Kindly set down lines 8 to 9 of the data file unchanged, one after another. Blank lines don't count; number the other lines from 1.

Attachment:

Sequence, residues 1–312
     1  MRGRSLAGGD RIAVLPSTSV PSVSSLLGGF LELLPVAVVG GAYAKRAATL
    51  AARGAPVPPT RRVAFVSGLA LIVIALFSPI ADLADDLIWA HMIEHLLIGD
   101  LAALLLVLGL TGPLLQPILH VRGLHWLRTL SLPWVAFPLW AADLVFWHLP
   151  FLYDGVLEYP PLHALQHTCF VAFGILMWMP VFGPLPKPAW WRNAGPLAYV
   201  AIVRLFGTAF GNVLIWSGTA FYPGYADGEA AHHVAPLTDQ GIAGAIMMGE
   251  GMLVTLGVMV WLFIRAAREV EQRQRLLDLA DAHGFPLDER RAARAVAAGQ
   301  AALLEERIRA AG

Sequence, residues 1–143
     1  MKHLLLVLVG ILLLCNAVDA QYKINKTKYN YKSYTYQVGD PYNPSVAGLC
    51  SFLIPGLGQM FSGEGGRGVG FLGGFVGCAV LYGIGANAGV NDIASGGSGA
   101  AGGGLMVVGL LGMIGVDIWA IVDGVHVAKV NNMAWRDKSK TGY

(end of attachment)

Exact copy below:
   301  AALLEERIRA AG

Sequence, residues 1–143